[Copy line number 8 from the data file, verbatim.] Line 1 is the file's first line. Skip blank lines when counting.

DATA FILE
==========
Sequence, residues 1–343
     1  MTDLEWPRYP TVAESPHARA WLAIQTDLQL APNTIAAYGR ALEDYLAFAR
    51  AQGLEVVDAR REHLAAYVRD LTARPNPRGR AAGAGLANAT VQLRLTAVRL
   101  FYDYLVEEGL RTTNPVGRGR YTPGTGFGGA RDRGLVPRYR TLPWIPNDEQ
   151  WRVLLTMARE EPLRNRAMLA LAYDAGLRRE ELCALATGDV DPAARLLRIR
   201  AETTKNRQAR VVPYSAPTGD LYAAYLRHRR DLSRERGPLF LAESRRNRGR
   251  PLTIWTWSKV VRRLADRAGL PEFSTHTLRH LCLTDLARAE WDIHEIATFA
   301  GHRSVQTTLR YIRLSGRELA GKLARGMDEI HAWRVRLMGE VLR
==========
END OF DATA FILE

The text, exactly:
   301  GHRSVQTTLR YIRLSGRELA GKLARGMDEI HAWRVRLMGE VLR